Mary Holtrop Mental Health Occupational Health Uncategorized

In Search Of Patience

by Mary Holtrop

I work in administration at a public library. My library is in a town of about 18,000 people and we have 25 employees. Since mid-March our library has been closed due to COVID-19.  My responsibilities in the library include finance, human resources and building maintenance and contracts.  When we first began to discuss the COVID-19 virus we talked about what we were going to do in regards to our staff. Of course at the time, we had no idea that almost two months later we would still be closed. We are now beginning to plan re-opening in a phased approached.  During this closure we have paid our employees. The expectation was employees were to work at least half the hours they are normally scheduled to work in a week. This work includes planning and implementing online programs, story times, crafts, collection development, attending training and webinars. I have been in our building working every day Monday-Friday since we closed. Some much needed building projects were addressed. I tackled some long planned records disposal and organizing files.  I have updated essential paper work and created some long needed databases. All this including supervising a window replacement project in one of our buildings, paying bills, paying employees and assisting in updating policies we will have to implement when we open. 

Today the department heads had a long overdue meeting to begin discussing our phased in approach to re-opening the library. This week of each month is my busiest week. I have to coordinate the paying of bills, library reports, paying employees, reconciling bank statements, putting together our board packet and on top of this our fiscal year ended last Thursday. I started suggesting in mid-April to begin these phased in approach conversations, but my suggestions fell on deaf ears. Now here we are, possibly a week away from either accepting checked out materials or doing drive up service, and I am sitting in this 5 hour meeting trying not to be angry, frustrated, or talk myself into walking out of the meeting. 

These are difficult times as we all know and are experiencing. What I am experiencing is nothing compared to those who have lost income and attempting to file unemployment, get loans for their small businesses, or front line health care workers trying to save patients. I am fortunate that I am getting paid, I am healthy and I am still working. But for many reasons I am in search of patience. I have learned that in crises we all respond differently. We all perceive this pandemic in a different manner. We have people who are angry, protesting, and want their lives back. We have businesses who are trying to stay afloat and find innovative ways to sell their goods and services. We have families who are struggling to keep children safe and happy and well educated. We also have couples who are finding their love again. We have dogs who have been walked more in the past two months than in the past year. And it’s so good to see children outside and playing again. The sidewalk chalk art makes me smile.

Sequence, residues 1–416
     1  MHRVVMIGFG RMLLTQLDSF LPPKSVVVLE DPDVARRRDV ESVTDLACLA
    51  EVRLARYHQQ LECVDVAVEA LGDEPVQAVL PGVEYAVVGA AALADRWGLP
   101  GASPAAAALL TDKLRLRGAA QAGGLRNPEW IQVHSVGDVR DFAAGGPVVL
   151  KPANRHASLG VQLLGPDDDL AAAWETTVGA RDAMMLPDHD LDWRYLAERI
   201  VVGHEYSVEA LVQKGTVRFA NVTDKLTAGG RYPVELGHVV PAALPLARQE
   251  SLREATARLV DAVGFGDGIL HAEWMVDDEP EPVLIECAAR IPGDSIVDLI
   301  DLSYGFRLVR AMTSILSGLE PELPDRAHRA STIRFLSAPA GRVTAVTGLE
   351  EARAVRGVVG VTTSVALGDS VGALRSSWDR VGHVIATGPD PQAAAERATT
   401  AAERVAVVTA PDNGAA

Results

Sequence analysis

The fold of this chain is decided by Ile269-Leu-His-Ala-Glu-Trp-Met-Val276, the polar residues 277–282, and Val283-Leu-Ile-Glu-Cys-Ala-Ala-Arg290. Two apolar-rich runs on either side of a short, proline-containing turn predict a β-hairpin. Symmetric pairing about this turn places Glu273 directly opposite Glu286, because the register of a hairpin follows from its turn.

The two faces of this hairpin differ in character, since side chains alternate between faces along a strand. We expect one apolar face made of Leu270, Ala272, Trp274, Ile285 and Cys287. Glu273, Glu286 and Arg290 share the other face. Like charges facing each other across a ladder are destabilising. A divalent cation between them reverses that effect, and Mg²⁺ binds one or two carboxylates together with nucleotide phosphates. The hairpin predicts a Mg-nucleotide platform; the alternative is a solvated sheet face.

Yet, during this meeting today I found I was barely holding myself together. I could not understand my feelings of anger and frustration. I sat in this meeting trying to find patience. What was making me feel so anxious, uncomfortable and frustrated? I had my phone and started to search for meditation and phrases that could bring me back. I contributed about how we should all feel fortunate and blessed. But all the while my anxiety level continued to rise. A co-worker saw this and sent me encouraging statements, some pictures of her beautiful children and offered to get me coffee.  I decided during this meeting I needed to do something to turn me around. My goal for the month of April was to do yoga daily. I achieved this goal about 2/3 of the month.  In conversations I have had with others we talk about people we see at the stores and some who are so helpful, friendly and encouraging and others are so angry and rude.  The positive experiences uplift me but the negative bring me down immensely. 

During the meeting today I decided I have to dedicate May to finding patience and serenity. I cannot continue to view the world as I have in the past two months. I want to believe we are better and stronger than this virus. I can try to be part of the solution and I can help myself.  I will let you know in June how I do.